Dee Gordon was the Dodgers’ starting shortstop from Opening Day through early July, when a torn thumb ligament sent him to the disabled list.
While he was out Los Angeles traded for Hanley Ramirez, leaving Gordon without a job now that he’s finally healthy. He was activated from the 60-day disabled list yesterday, but manager Don Mattingly explained to Dylan Hernandez of the Los Angeles Times that Gordon is unlikely to do much beyond pinch-running down the stretch.
Gordon wasn’t exactly thriving before injuring his thumb, hitting just .229 with a .280 on-base percentage and .282 slugging percentage in 79 games. He did steal 30 bases at a 79 percent clip and made some highlight-worthy plays defensively, but the jury is still out on whether he can be a top-of-the-lineup asset offensively and his overall defensive numbers aren’t pretty.
Or as Mattingly put it:
This is a guy that needs to get on base better. He’s got to make better decisions, as far as the speed of the game, when do I try to make a great play, making that bread-and-butter double play.
Mattingly went on to say that “personally I think Dee’s going to be a great player” because “he brings something that no one else can bring.” That vote of confidence doesn’t mean much for the rest of this year, but if the Dodgers shift Ramirez to third base next season Gordon could be back as the primary shortstop.
Even while injured, Miguel Cabrera is a force to be reckoned with. The 33-year-old slugger has been playing with a contusion on his knee since Wednesday, according to postgame comments made by Tigers’ manager Brad Ausmus.
That didn’t stop him from whacking a 410-foot home run against Atlanta right-hander Matt Wisler on Friday night, skirting the center field fence to put the Tigers up 3-0 in the first inning. In the third, he lead off the inning with another long drive off of Wisler, targeting his changeup for a 421-foot shot, his 38th home run of the season:
It’s Cabrera’s sixth two-run homer game since the start of the season, and his first against the Braves since 2005. He needs just two more home runs to keep an even 40 on the year, which would return him to the kind of league-leading levels that accentuated his MVP case in 2012 and 2013. If he can do it by the end of this Tigers-Braves game (unlikely, but not unheard of), he’ll be the 15th major leaguer to hit four home runs in a single game.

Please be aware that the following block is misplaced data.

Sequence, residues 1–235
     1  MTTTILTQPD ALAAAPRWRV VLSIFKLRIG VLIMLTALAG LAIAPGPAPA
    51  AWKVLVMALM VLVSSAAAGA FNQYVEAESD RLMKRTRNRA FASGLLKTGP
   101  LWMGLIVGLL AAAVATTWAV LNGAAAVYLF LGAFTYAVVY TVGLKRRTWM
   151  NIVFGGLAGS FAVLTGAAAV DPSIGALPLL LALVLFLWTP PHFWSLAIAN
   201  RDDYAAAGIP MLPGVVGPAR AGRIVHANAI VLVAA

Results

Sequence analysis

The Reds will roll with manager Bryan Price for at least one more season. Per MLB.com’s Mark Sheldon, Price has been extended through the 2017 season with a club option for 2018. He won’t be the only familiar face leading the team, as the Reds have reportedly asked the entire coaching staff to return as well.
This is Price’s second consecutive season with 90+ losses since Cincinnati signed him to a three-year contract back in 2014. While he hasn’t been able to replicate the same kind of success that former skipper Dusty Baker found in 2012 and 2013, he’s been saddled with a team that’s still in the throes of rebuilding, not one that looks on the cusp of playoff contention. It is, after all, the same team that has not seen a healthy season from Homer Bailey since Price’s arrival, one that unloaded Jay Bruce for a pair of prospects earlier this year and one whose pitching staff set a single-season record for most home runs given up by a major league team.
Justifying Price’s extension requires a different kind of yardstick, one that measures player development and individual success over the cumulative win-loss record. Here, Price has overseen solid performances from contributors like Adam Duvall, who is batting .244/.297/.506 with 2.9 fWAR in his first full major-league season, as well as young arms like Anthony DeSclafani, Brandon Finnegan, and Michael Lorenzen, among others.
From comments made by Reds’ CFO Bob Castellini, Price’s success within a rough rebuilding process appears to have cemented his place within the club, at least for the time being.
I like the young, aggressive team Walt and Dick have put together with players from within our system and from recent trades. […] Bryan has been here seven seasons now. He’s comfortable with the direction we are heading with our young players, and we are comfortable with him leading us in that direction.